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My son, 13 yrs. old, has been growing in the last two years as expected from his German background, I supposed. He wears adult-size clothes and 11 1/2 shoe size. He has become very unfocused in many things such as dropping and spilling everything, from milk to food, to not been able to perform two different things one after another. It's just impossible and he was not like that before! Talks lasily and walks lasily when he supposedly was hyper and over active! He's a very smart young boy but has a hard time focusing in his studies as well. From been a Gifted and Talented student, he is now just a kid who doesn't care as long as he passes his TAKS scores. Every professor mentions the potential he has in becoming a student that excells in all areas but he just doesn't seem to care at this point and I am concerned. Please advise.


Jim Taylor, Ph.D. Replied: You are really asking three distinct questions here. First, your son's recent clumsiness is probably due more to physical changes rather than focusing issues. It is quite common when boys have a significant and rapid growth spurt for them to see a temporary decline in their motor coordination In a sense, your son is learning to control and use a new and unfamiliar body. There is no need for concern if this is the case. He will, in time, grow into his body. I would encourage you to encourage him to participate in sports and other activities that will allow him to use and sharpen his motor skills. Second, your concern about your son's being rather lazy in his speech and movements rather than hyper and active may also be related to his recent growth spurt. His body requires more energy and he is learning to use it properly, so a slowing of his pace may be normal. There's nothing that says that 13-year-old boys are supposed to be hyper and active. Perhaps he's just mellowing out in his "old age." Finally, it's also not uncommon for boys entering adolescence to have a loss of motivation and focus in their school work. Remember that, in addition to the obviously dramatic physical changes, your son is also undergoing deeper physical changes related to puberty (e.g., raging hormones), as well as social and emotional changes as he evolves from a boy to a man. Also, "not caring" is another common occurrence among adolescent boys (it's not cool to care about school in many school cultures). I would suggest the following: 1) Establish expectations and consequences for hard work, time commitment, and school performance; 2) Talk to your son about his feelings and goals; 3) Explore what obstacles may have arisen that might have caused his loss of motivation (e.g., fear of failure, pressure from parents); $) Be sure that he isn't having any social or other difficulties at school that might be causing his decrease in motivation, and 5) If he has a difficult time focusing, you might consider having him assessed by a trained professional for ADD.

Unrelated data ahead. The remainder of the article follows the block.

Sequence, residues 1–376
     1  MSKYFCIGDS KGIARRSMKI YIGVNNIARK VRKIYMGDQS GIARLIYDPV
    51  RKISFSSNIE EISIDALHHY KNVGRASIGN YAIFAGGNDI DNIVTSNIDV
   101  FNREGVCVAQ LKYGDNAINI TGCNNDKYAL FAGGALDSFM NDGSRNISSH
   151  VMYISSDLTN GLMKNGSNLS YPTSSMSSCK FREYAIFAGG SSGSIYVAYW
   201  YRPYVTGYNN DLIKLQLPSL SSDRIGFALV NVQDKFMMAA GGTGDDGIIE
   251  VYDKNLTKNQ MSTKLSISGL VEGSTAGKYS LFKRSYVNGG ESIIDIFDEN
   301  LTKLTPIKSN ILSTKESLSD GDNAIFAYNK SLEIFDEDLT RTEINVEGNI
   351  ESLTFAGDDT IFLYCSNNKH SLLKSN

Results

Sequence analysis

Posted On 2007-08-20 12:32:17
Dr. Steven Kairys Replied: It is not unusual for young teens who breezed through school in the past to show signs of the non-hyperactive ADD with executive function issues of poor organization, lack of focus, difficulty prioritizing,etc. There are other possibilities also, including depression, drug use. A good psychological assessment would be helpful.
Posted On 2007-06-20 13:01:25
Mark Viator Replied: The adolescent years can be tough, particularly when physical changes occur before the emotional/mental changes. Many of the behaviors and attitudes that you describe are fairly typical of the young adolescent. They begin to show interest in other areas, other than school, and they do seem to be "lazy." While some of the behaviors, such as not focusing and not performing well, should be of some concern, I would not rush into thinking that he might have ADHD or some other form of behavioral or learning difficulty. I would, however, take some steps to help him. Start off by taking him to his doctor. It never hurts to have a physical just to be sure nothing is wrong. Next, talk with him about his studies. Offer to get him extra help or tutoring. Encourage him not to give up and to try to really excel in the areas that he does well in. Also, please remember that he is going through many changes. He may feel that he does not fit in anymore. Give him some time to catch up emotionally with his growing physical body. Finally, if his behaviors worsen over the next few months, then take the necessary steps to get him to a counselor. Many times, particullarly with young men, they just need someone, besides the parents, to help them sort out all of these feelings and changes. Good Luck.
Posted On 2007-06-19 09:50:22
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